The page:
Two weeks before the current admission, laboratory tests revealed a blood creatinine level of 2.31 mg per deciliter (204.2 μmol per liter; reference range, 0.60 to 1.50 mg per deciliter [53.0 to 132.6 μmol per liter]); routine laboratory tests had revealed similar creatinine levels during the previous 6 months. Other laboratory test results are shown in Table 1.

The patient also had a history of hypertension, hyperlipidemia, and gout. Current medications included aspirin, atorvastatin, labetalol, nifedipine, trimethoprim–sulfamethoxazole, valganciclovir, prednisone, mycophenolate mofetil, and belatacept. There were no known drug allergies. The patient lived with his mother in an urban area of New England and had never traveled outside the region. He worked as an administrator and had never been homeless or incarcerated. He had no sexual partners and did not smoke tobacco, use illicit drugs, or drink alcohol.

On the day of evaluation in the emergency department, the temperature was 36.7°C, the blood pressure 80/50 mm Hg, the heart rate 100 beats per minute, the respiratory rate 24 breaths per minute, and the oxygen saturation 92% while the patient was breathing ambient air. The body-mass index (the weight in kilograms divided by the square of the height in meters) was 20.5. The patient was lethargic and spoke in sentences of three or four words. The mucous membranes were dry, and the throat could not be evaluated because of nausea. There was no cervical lymphadenopathy. Auscultation of the lungs revealed diffuse inspiratory crackles. Neurologic examination was limited but was notable for 4/5 motor strength in the arms and legs.

The blood level of creatinine was 5.05 mg per deciliter (446.4 μmol per liter), the calcium level 13.1 mg per deciliter (3.3 mmol per liter; reference range, 8.5 to 10.5 mg per deciliter [2.1 to 2.6 mmol per liter]), the lactic acid level 4.4 mmol per liter (39.6 mg per deciliter; reference range, 0.5 to 2.0 mmol per liter [4.5 to 18.0 mg per deciliter]), and the hemoglobin level 6.6 g per deciliter (reference range, 13.5 to 17.5). Cultures of blood were obtained. Other laboratory test results are shown in Table 1.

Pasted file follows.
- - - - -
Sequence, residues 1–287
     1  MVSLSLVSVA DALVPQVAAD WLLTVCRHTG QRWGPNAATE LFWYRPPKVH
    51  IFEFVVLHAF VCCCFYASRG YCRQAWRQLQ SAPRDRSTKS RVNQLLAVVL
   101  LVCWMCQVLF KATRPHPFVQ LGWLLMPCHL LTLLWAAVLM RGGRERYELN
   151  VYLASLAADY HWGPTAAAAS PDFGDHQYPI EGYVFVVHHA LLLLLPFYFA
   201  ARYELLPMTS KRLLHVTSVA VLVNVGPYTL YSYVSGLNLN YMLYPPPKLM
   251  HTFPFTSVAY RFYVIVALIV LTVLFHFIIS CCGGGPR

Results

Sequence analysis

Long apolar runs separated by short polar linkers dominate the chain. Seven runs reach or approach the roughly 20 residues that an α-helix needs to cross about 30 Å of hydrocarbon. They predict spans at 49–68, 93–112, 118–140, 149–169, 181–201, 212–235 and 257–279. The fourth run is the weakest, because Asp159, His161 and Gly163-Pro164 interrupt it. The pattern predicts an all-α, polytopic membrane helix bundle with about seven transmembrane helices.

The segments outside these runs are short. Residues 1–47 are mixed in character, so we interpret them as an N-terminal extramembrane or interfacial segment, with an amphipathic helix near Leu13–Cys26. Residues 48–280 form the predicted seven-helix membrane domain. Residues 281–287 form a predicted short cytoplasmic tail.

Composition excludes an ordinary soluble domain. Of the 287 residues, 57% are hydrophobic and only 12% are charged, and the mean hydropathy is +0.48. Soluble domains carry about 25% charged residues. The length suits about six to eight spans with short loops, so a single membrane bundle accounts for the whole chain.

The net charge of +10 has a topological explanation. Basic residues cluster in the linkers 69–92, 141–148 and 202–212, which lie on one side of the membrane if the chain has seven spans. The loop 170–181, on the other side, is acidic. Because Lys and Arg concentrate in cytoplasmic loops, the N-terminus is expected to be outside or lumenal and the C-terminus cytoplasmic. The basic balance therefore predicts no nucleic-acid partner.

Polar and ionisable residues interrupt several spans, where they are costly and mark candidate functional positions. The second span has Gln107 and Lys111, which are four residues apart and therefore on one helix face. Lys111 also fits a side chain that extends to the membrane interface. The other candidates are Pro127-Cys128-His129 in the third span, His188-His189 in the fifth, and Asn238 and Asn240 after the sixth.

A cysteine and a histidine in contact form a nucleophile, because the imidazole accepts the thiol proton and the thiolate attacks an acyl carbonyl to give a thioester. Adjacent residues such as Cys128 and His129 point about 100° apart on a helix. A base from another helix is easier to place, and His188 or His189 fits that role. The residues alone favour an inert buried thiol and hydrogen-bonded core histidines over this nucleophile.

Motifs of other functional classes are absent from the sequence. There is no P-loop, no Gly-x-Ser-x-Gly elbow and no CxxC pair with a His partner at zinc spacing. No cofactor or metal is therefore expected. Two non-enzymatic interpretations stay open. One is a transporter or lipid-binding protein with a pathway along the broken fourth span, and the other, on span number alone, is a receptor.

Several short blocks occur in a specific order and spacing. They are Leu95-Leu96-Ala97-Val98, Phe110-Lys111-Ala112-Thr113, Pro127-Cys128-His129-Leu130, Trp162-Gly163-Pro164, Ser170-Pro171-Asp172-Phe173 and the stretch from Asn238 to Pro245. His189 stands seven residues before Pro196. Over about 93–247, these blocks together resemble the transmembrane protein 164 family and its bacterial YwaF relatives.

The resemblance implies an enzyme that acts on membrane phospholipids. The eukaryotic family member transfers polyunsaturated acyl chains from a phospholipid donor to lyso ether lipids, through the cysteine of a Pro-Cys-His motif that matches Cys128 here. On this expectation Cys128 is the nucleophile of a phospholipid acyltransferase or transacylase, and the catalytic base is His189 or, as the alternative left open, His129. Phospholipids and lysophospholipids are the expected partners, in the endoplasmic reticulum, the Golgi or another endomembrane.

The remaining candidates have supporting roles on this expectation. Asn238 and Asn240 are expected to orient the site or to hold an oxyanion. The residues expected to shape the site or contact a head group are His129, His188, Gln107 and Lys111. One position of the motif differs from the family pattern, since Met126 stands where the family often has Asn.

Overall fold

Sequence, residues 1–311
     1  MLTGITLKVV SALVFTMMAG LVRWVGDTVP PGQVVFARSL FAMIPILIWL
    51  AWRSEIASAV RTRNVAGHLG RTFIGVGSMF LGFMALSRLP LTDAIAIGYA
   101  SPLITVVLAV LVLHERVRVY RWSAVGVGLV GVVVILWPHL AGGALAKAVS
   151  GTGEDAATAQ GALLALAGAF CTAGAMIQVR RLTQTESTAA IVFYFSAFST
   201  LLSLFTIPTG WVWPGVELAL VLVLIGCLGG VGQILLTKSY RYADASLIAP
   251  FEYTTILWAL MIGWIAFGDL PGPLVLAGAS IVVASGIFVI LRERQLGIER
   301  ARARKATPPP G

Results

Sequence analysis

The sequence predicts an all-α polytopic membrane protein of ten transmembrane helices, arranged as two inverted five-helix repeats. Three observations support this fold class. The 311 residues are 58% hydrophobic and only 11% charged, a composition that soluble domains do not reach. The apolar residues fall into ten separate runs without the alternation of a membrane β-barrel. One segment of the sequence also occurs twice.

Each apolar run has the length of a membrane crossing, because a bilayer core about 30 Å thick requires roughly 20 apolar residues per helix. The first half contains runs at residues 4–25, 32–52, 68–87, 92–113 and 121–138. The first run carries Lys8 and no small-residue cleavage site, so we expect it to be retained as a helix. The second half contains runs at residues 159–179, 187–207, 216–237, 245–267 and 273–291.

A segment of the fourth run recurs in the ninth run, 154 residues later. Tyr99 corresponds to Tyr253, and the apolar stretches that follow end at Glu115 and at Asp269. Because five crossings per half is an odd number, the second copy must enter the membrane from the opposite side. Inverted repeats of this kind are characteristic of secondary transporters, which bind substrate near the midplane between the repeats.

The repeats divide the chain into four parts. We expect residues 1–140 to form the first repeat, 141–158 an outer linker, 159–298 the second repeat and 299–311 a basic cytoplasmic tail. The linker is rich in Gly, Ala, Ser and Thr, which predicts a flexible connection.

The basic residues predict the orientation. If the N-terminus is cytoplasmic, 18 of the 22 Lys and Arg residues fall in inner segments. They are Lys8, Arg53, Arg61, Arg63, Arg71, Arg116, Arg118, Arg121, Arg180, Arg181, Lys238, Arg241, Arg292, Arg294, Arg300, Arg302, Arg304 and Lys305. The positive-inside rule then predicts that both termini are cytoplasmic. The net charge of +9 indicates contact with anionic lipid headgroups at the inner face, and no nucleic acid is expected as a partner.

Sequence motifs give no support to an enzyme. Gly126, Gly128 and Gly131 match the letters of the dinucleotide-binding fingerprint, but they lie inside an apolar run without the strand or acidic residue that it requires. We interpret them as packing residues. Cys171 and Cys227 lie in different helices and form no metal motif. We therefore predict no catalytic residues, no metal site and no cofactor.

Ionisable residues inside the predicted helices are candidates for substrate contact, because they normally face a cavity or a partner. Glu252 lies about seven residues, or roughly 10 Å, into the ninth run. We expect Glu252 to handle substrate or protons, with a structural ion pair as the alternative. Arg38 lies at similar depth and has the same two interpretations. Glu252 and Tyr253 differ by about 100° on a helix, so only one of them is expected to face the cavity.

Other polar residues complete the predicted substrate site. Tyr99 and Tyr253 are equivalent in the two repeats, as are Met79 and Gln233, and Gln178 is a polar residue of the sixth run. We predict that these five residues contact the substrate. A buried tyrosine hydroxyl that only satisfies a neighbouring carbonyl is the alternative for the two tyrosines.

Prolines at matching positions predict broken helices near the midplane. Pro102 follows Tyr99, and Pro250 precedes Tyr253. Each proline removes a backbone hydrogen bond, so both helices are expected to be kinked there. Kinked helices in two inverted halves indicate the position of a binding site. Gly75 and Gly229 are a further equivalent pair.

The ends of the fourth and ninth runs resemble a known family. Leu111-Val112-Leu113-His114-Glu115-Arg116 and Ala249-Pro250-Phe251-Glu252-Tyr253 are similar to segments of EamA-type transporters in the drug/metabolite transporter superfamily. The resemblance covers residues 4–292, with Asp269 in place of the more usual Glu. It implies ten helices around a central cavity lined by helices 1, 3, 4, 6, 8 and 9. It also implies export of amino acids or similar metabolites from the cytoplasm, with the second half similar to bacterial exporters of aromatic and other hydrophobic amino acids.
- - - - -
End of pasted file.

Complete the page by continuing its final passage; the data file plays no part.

Dr. Mark C. Murphy: Computed tomography (CT) of the chest, abdomen, and pelvis was performed without the administration of intravenous contrast material. CT of the chest (Figure 1) revealed innumerable bilateral miliary pulmonary nodules that were new relative to a CT scan that had been obtained 6 months earlier. The nodules were in a random distribution that was suggestive of a hematogenous origin. Trace bilateral pleural effusions were present, as was calcified mediastinal and bilateral hilar lymphadenopathy; the lymphadenopathy appeared unchanged from previous imaging. CT of the spleen (Figure 2) revealed new splenomegaly. There was new mild dilatation of the renal collecting system of the transplanted kidney in the right lower quadrant of the abdomen.

Dr. Lee: While the patient was being evaluated in the emergency department, the temperature increased to 39.6°C. Intravenous fluids and intravenous infusion of phenylephrine were administered. Empirical treatment with vancomycin, cefepime, metronidazole, levofloxacin, doxycycline, and micafungin was started; trimethoprim–sulfamethoxazole and valganciclovir were continued. Treatment with prednisone and mycophenolate mofetil was discontinued, and hydrocortisone therapy was started. The patient was admitted to the intensive care unit.

Within 24 hours after admission, the oxygen saturation had decreased to 84% while the patient was breathing ambient air; supplemental oxygen was administered through a nasal cannula at a rate of 2 liters per minute, and the oxygen saturation increased to 94%. Continuous intravenous infusion of phenylephrine was continued, and norepinephrine was added to maintain a mean arterial blood pressure above 65 mm Hg. Two units of packed red cells were transfused. The creatinine level decreased to 3.82 mg per deciliter (337.7 μmol per liter), the lactic acid level to 1.6 mmol per liter (14.4 mg per deciliter), and the calcium level to 8.9 mg per deciliter (2.2 mmol per liter). Treatment with levofloxacin and micafungin was stopped; isavuconazole was started.